Following the adoption of a new 3D printer by Stratasys‘ partner reseller Cylaos, the Regional University Hospital of Brest (CHU de Brest) is seeing significant improvements in pre-surgical planning procedures.
Prior to the actual procedure, the installation provides surgeons with highly precise and comprehensive 360-degree patient-specific anatomic models, which could minimize surgical risks and time in the operating room (OR). The realistic sophistication of the 3D printed models developed with the all-in-one, multi-material, multi-color J5 MediJet over initial single-material, single-color options is “transformational”, according to Samuel Guigo, radiology and 3D printing technician at the CHU, and “sets a new benchmark for medical modeling.”
“The accuracy we now enjoy with the J5 3D printed models means our surgeons are far better equipped and prepared before going into a theater, which significantly and quantifiably reduces surgical-related risks through improved safety,” explained Guigo.
Benefiting from Stratasys J5 MediJet 3D printer
Guigo further explained that when preparing a vascular surgery, for example, millimetric precision is mandatory. “With the J5 MediJet, not only can we achieve this, but we have the flexibility to re-print the models to iterate and achieve optimal results, reproducing them with complete consistency, as required. We were simply unable to do this previously.”
According to Guigo, the implementation of Stratasys’ sophisticated 3D printing technology is a significant contributor to the efficiency of the anatomical models the hospital can deliver. According to him, the ElasticoTM photopolymer material underscores this. Quality issues are resolved by in-house Stratasys capability, which also facilitates capacity needs. Due to inadequacies in the hospital’s existing alternative technologies, the generation of some models had previously been outsourced to external providers. Nonetheless, with a level of quality that came up short of the hospital’s expectations, in addition to a rising need to effectively manage high quantities, the purchase of the in-house J5 MediJet made logical business sense.
“We can produce models on the MediJet with far greater realism than our other 3D printing technologies allow. With the Elastico material, for example, the haptic feeling and surface smoothness replicate the patient’s soft arteries much more closely,” added Guigo.
Stratasys 3D printing technology helping enhance training and patient care
Aside from pre-surgical preparation, using patient-specific 3D printed medical models produced on the J5 MediJet for on-demand mentoring can enhance patient outcomes by lowering complications, total recovery time, and hospitalization. Furthermore, surgeons can explain specific pathologies and processes to patients before surgery with a highly precise patient-specific 3D printed medical model, that has been found to strengthen a patient’s therapeutic knowledge and gratification.
The J5 MediJet has been installed at the CHU de Brest thanks to funding from the hospital’s Innoveo Endowment Fund, which is intended to aid projects that enhance patient care, quality of life, and comfort. The J5 MediJet has been used in a variety of hospital departments, along with neurosurgery, interventional neuroradiology, vascular surgery, orthopedic surgery, vascular surgery, and biomedical services since its installation.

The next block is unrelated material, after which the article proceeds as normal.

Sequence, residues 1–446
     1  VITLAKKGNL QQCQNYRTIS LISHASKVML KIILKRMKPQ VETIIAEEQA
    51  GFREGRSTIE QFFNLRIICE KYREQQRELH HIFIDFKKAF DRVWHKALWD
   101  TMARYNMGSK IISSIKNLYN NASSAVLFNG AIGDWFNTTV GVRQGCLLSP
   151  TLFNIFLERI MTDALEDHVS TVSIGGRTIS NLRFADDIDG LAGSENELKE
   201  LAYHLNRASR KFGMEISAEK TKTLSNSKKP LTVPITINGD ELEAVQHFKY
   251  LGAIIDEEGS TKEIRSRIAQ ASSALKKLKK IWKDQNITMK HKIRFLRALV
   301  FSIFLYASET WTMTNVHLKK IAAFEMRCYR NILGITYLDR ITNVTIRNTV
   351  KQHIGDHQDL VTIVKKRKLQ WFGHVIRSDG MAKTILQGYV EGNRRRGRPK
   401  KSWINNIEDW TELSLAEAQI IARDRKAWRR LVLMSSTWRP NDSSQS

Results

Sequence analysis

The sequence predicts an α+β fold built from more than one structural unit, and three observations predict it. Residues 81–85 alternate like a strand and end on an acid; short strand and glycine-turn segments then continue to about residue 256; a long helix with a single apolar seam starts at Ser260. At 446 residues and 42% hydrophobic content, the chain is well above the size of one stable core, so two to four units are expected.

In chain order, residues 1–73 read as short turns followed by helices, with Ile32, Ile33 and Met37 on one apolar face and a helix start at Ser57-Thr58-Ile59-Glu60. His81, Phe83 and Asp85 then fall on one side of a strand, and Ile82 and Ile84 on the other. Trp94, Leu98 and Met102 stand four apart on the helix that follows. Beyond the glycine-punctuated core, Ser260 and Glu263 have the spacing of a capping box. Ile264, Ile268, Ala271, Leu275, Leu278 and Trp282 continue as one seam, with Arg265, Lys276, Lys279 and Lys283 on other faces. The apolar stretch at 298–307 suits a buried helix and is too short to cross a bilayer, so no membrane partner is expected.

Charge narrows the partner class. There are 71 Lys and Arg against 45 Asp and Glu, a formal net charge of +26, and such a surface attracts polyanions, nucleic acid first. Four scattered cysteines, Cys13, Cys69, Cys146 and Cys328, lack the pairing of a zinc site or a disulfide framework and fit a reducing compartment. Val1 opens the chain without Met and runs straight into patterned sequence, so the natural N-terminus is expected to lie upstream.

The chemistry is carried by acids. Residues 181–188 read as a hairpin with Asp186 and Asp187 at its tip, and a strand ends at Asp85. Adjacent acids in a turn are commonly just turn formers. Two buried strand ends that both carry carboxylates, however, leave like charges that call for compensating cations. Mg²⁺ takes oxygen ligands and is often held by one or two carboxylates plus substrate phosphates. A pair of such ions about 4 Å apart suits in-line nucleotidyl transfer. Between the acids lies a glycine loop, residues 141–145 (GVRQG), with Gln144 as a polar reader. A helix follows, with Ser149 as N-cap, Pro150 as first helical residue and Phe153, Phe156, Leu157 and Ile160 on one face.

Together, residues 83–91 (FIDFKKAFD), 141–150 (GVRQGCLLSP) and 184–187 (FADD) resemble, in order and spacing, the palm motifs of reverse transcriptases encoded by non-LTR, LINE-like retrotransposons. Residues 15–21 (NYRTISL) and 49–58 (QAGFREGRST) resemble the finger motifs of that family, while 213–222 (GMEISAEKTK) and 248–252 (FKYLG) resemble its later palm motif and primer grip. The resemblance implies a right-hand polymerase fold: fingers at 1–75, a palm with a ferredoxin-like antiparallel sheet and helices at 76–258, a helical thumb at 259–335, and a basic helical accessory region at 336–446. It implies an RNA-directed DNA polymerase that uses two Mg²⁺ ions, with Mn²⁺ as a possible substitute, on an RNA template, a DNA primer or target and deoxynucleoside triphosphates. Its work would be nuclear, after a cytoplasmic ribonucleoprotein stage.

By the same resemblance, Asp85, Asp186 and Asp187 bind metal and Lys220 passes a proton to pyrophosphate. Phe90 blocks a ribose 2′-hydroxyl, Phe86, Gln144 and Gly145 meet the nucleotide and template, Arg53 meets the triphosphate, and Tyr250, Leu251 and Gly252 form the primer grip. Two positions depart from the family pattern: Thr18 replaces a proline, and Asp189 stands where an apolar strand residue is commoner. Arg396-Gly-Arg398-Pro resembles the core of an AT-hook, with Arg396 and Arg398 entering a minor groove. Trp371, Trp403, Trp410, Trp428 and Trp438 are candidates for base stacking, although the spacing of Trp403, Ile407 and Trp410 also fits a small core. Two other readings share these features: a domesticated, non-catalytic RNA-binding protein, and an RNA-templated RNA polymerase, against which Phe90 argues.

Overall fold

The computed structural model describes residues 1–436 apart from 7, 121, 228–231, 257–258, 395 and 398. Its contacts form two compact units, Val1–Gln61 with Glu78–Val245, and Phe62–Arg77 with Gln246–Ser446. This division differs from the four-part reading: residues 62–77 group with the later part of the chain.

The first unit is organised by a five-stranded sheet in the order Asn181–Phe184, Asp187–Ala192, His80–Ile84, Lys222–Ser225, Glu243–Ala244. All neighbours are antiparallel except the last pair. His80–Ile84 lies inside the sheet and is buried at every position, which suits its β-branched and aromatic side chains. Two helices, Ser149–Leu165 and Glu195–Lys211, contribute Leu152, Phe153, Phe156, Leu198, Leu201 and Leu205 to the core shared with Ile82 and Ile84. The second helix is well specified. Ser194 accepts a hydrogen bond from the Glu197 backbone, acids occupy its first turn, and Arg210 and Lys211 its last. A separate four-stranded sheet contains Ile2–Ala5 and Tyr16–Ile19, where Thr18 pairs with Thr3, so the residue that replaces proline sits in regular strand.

“The MediJet means that we’re winning in every area”, concludes Guigo. “We have greater management of growth requirements and have addressed quality issues, while also improving processes and educational practices.”
Furthermore, W.INN, the innovation center founded by the CHU de Brest in 2021, was recently marked as a Third-Party Experimentation Centre as part of the government’s agenda for advancing digital health. As a result, the CHU is now cited as a key player in medical advancement on a local, regional, and national scale.
The CHU’s next goal is to establish a devoted 3D printing arm to meet the requirements of the hospital’s departments, research group, and mentoring. The hospital is focused on promoting the technology’s widespread use in the medical field, but it also has a vision for creating 3D printed anatomical models for other hospitals and biomedical engineering schools.
Medical sector benefitting from 3D printing technologies
Previously, additive manufacturing software developer Materialise introduced Mimics Planner for thoracic surgery. According to the company, this platform uses advanced 3D modeling to adequately prepare for segmentectomy and lobectomy surgeries in a matter of minutes. Mimics AI-enabled CT heart tool for heart chamber segmentation, according to the whitepaper. According to Materialise, tasks like manually segmenting heart chambers are time-consuming, laborious, and error-prone. Implementing this procedure brings many efficiencies to an engineer’s workflow by saving time and improving accuracy.
Furthermore, at the Formnext 2022, Polish 3D printer manufacturer Zortrax revealed a significant widening of its product line. Zortrax unveiled an end-to-end 3D printing package with its Powerful Trio offering, that has been validated with Henkel and BASF Forward AM, so consumers know they’ll get concrete results straight out of the box. At the show, the company also displayed a set of Ultracur3D resins validated for its machines, along with a novel 3D printer with broad medical potential.
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Feature image shows Samuel Guigo (left), radiology and 3D printing technician at CHU de Brest with Stratasys J5 MediJet 3D printer. Image via Stratasys.